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Trump pushes back, says his Florida resort is fit to host next year's G-7

President Donald Trump speaks during the final press

President Donald Trump speaks during the final press conference with French President Emmanuel Macron during the G7 summit Monday in Biarritz, France. Credit: AP/Francois Mori

WASHINGTON — President Donald Trump on Tuesday pushed back against reports that his Miami-area golf resort grappled with bedbugs, as he continued to press the idea of hosting next year’s G-7 summit at one of his namesake properties.

As the president took to Twitter to defend his Trump National hotel in Doral, Florida, a group of top Senate Democrats, including Minority Leader Chuck Schumer, issued a letter to Trump urging him against inviting Russian President Vladimir Putin to next year’s summit.

Trump on Twitter knocked media coverage of last weekend’s summit in Biarritz, France, and accused Democrats of spreading reports on social media about a 2016 lawsuit filed by a Doral hotel guest who complained he woke up to bites and welts all over his body after staying in a $300-a-night room.

“No bedbugs at Doral,” Trump tweeted. “The Radical Left Democrats, upon hearing that the perfectly located [for the next G-7] Doral National MIAMI was under consideration for the next G-7, spread that false and nasty rumor. Not nice!”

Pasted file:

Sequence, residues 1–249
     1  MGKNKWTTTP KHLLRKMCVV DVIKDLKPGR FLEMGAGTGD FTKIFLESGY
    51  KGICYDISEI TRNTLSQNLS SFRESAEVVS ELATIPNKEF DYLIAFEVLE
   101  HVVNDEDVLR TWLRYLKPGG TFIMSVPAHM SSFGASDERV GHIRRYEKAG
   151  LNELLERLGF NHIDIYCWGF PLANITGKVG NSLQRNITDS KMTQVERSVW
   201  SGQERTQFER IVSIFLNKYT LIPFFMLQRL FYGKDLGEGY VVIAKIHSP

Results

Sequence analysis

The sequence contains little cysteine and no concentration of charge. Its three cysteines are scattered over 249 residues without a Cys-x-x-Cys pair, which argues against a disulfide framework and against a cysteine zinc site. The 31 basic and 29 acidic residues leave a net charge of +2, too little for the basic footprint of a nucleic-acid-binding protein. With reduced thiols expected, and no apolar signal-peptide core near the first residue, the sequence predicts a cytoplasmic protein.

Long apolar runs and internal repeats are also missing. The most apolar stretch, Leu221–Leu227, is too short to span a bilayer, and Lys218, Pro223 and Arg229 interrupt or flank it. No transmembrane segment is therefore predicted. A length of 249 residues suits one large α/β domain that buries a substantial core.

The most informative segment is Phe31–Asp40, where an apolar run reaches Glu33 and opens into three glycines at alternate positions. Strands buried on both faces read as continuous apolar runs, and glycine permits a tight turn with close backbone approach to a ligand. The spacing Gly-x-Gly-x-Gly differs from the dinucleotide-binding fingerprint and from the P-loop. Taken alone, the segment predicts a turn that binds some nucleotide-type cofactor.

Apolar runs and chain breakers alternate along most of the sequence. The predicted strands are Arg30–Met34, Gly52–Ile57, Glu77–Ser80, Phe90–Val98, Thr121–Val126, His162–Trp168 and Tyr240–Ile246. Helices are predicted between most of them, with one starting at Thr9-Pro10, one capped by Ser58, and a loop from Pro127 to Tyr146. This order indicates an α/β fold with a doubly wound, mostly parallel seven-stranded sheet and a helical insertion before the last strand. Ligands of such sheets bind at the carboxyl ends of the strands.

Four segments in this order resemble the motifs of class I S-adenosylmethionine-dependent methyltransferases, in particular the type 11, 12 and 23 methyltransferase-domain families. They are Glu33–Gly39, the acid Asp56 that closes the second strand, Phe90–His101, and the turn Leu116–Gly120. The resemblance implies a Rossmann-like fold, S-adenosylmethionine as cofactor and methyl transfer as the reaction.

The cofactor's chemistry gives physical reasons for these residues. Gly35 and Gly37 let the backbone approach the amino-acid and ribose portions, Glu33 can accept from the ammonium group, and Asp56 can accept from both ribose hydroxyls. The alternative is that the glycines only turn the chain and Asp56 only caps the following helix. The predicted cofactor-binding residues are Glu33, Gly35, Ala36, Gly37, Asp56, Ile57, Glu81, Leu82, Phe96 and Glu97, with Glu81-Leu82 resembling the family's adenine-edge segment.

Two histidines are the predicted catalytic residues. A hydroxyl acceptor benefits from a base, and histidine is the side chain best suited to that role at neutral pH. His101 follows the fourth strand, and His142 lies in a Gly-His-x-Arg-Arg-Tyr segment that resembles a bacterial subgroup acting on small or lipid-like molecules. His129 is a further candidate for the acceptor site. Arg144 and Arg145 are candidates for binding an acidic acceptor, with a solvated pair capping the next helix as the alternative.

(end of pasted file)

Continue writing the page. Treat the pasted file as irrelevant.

On Monday, after Trump announced he was leaning toward having next year’s summit at his Trump-branded South Florida resort, reports of the 2016 lawsuit filed by New Jersey insurance executive Eric Linder quickly spread on social media.

Linder, in his lawsuit, complained that after staying at the Doral hotel in March 2016, he woke up to dozens of “welts, lumps and marks over much of his face, neck, arms and torso.” He provided photos to back up his claim, including one circulated on social media Monday that showed red lumps dotting his neck.

In January 2017, days after Trump was sworn into office, the Trump Organization settled the lawsuit with Linder for an undisclosed amount, according to The Miami Herald, which was the first to report on the dispute.

Trump, in his Tuesday morning tweets, was undeterred by mounting criticism over his move to host foreign leaders at one of his properties. Government ethics experts say Trump’s push to use one of his branded properties again raises questions about whether the president is seeking to profit off the presidency. Trump also has used his Mar-a-Lago resort in Palm Beach, Florida, to host Japanese Prime Minister Shinzo Abe and other top U.S. officials.

The president also has come under scrutiny for saying he is open to inviting Putin to next year’s summit, despite Russia’s removal from the powerful gathering of leaders in 2014 in response to Russia’s invasion and annexation of Crimea.

In a letter to Trump, Schumer and other top Democrats state “under no circumstances should President Putin be invited to participate in the G-7 until the Russian government undertakes demonstrable actions to show its willingness to behave responsibly both domestically and abroad.”

The letter was signed by Schumer (D-N.Y.) and Senate Committee on Armed Services Ranking Member Jack Reed (D-R.I.), Senate Committee on Foreign Relations Ranking Member Bob Menendez (D-N.J.), and Senate Select Committee on Intelligence Vice Chairman Mark Warner (D-Va.).

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